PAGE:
I don’t think I will see the movie, just because of the reviews I’ve seen that talk about the horrible scenes of torture.

  6. A. Kolb says:

    The movie is pure propaganda and on the same level of historicity as Last Samurai.

    The mission of the Jesuits was to conquer Japan and make it subject to the pope. Keep in mind that the pope had divided up the world among Catholic kings, even the parts that were not yet discovered, making Japan a subject of the pope by default. The Jesuits focused on the lords, with the goal to have the political power to push through their ideas of conquest, so this movie lies and is nothing but whitewashed propaganda. The Jesuits didn’t bugger around with the common folk. They were, and still are, the pope’s army. They went straight for those in power, most famously Oda Nobunaga, but mostly failed in their heavy handed approach.

    Is there any mention of the Franciscans? They were also there. The Franciscans were the ones focusing on the common people. They actually tried to help the people, while the Jesuits were too concerned with vying for power.

    What ultimately stopped all of them, and saved Japan from further war in the name of religion, was a Dutch ship that brought an English pilot (William Adams), who told the Tokugawa the truth about the Catholics. As result the Tokugawa banned Christianity (before that it wasn’t as clear, even Hideyoshi’s ban was never properly enforced), because it was a threat to the peace in the country, and the English were the ones ending up with the trade permission (they were eventually replaced by the Dutch.)

    The ban of Christianity in Japan saved hundreds of thousands of lives and prevented further devastation and war. It was one of the important steps towards over 250 years of peace in the country, something Christian Europe never achieved.

    Yes, it was an absolutist move, just like in European kingdoms, where the kings reigned in the same absolutist way.

    The Shimabara Rebellion from 1637 to 1638 was not religiously motivated, but rather had to do with the local administrator being a really nasty piece of garbage, plus the land was plagued by overtaxation and famine, so the peasants revolted.

    Also, keep in mind that by the time the Tokugawa had consolidated their power and had brought peace (the last, local engagements to challenge that were fought in 1615), Europe was ravaged by the Thirty Years War.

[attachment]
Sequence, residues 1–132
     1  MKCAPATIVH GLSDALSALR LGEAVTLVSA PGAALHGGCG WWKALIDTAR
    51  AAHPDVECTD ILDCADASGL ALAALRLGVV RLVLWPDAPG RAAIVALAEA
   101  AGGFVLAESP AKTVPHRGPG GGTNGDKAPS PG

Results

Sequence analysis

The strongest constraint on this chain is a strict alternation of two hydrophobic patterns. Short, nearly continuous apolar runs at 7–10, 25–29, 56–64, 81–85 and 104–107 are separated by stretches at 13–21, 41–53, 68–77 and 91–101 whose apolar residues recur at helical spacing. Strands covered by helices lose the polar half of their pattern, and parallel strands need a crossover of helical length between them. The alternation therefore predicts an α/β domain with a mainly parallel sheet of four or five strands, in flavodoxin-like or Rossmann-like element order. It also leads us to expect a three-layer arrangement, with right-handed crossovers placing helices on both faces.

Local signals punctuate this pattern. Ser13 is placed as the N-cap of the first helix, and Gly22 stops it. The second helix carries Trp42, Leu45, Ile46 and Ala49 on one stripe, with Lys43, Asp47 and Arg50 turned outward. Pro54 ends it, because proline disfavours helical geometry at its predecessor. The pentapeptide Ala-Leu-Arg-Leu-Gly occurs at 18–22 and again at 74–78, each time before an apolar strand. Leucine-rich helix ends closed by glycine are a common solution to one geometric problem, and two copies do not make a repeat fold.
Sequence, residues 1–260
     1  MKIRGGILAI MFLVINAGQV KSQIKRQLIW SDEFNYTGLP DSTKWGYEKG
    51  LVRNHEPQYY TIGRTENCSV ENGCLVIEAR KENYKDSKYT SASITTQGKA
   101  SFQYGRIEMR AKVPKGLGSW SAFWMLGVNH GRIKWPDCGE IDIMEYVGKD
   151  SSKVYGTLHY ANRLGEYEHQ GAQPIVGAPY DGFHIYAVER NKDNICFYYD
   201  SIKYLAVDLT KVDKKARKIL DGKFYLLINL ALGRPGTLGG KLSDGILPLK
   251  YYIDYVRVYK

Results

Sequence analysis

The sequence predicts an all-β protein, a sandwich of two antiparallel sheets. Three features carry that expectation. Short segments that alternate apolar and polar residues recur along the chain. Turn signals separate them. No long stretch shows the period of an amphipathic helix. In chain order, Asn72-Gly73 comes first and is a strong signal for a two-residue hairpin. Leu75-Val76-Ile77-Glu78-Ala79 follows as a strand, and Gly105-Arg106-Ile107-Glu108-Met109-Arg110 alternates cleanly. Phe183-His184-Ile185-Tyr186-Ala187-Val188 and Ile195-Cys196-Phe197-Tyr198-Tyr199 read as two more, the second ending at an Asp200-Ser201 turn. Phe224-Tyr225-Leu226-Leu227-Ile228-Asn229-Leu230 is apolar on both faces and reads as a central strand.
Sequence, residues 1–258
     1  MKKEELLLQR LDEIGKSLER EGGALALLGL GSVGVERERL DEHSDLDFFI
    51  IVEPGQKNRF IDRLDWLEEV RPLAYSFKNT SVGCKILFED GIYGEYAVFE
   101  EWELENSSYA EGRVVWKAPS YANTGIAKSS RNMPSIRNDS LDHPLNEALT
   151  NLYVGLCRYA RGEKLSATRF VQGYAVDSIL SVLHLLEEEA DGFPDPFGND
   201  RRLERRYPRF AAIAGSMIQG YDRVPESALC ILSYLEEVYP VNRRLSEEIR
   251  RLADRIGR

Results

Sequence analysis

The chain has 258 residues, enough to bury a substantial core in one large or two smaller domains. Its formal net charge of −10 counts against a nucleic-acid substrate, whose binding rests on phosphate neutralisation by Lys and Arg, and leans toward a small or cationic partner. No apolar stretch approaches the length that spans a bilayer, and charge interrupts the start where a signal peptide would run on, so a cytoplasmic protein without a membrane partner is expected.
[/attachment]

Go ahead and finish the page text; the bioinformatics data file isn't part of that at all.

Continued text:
The Tokugawa did the right thing, preserved unity, and saved the nation and her people.

  7. Jon says:

    As an evangelical who is also Japanese American, stories like Endo’s resonate deeply. Your thoughts on the movie are helpful, as I’ve seen it multiple times and read the book. I think my friend summed it up well when he said that as brilliant as the movie is and fairly true to Endo’s source material, in reality it’s inaccessible for most people for some of the very reasons you mentioned. However, it’s the inaccessibility that lends itself well to deeper questions that go beyond good/bad or an ending that ties everything up neatly. It demands that the viewer actually ask questions that are a bit disturbing. This is the brilliance of Endo’s book that makes it more applicable to our times than we realize and possibly reveals a thinness in our souls that we don’t have the capacity to reflect on deeper questions.

  8. Colin Noble says:

    “Today there are approximately 509,000 Roman Catholics in Japan out of 1.9 million professing Christians. (Evangelicals, according to Operation World, make up about 600,000.) Is this telling? I don’t know…”

    Not saying I have all the answers, but I lived in Japan for a number of years, wrote on Endo for a graduation thesis, and taught Japanese history and religion for a decade and a half.

    I once had a Japanese colleague in the Japanese bank I worked for confide that he was a Christian but beg me not to tell anyone. His attitude was symptomatic of one problem in Japan. That is, the sense that being a Christian is something of which to be ashamed. And that sense comes partly from the fact that being Christian and being Japanese have long been considered by many to be incompatible. The outstanding exception in the modern era has been Uchimura Kanzo, who was accused of lese majesty, but who famously declared his patriotism with the statement that he loved two “J”s – Japan and Jesus.

    So, why hasn’t Christianity thrived in Japan? Fear of social ostracism plays a role. Declaration of Christian faith has been considered unpatriotic. There is a clear contrast here with Korea, where protestant Christianity has flourished. In Korea, Christians were in the forefront of the nationalist movement in the early twentieth century, notably in opposing the Japanese annexation in 1905 and subsequent colonisation. In Japan, Christianity, like many other political/religious ideological movements, such as socialism, gained some degree of intellectual support amongst the educated elite when first introduced, but has tended to get bogged down in internecine intellectual discussion and never really been embraced by the population more broadly.

    For those interested in an academic discussion, albeit not from a Christian perspective, of the difficulty of sustaining a Christian identity in what Endo called the mudswamp of Japanese culture, see John Clammer, Sustaining otherness: Self, nature and ancestralism among contemporary Japanese Christians at http://www.tandfonline.com/doi/abs/10.1080/09555809708721593. For an academic discussion of the oscillating nature of the relationship between Christians and the government in Japan in the twentieth century, see Colin Noble, Christians and the State in Early Twentieth Century Japan: from confrontation to collaboration and back again at http://www.tandfonline.com/doi/abs/10.1080/10371390500067678?journalCode=cjst20. For one consideration of the notion of grace in the context of Japanese religious culture and history, see Colin Noble “Portraying Christian Grace: a response to the doctrine of grace in Shin Buddhism, in Asia Journal of Theology 11, no. 1 (April 1997): 54-71.

  9. Caleb says: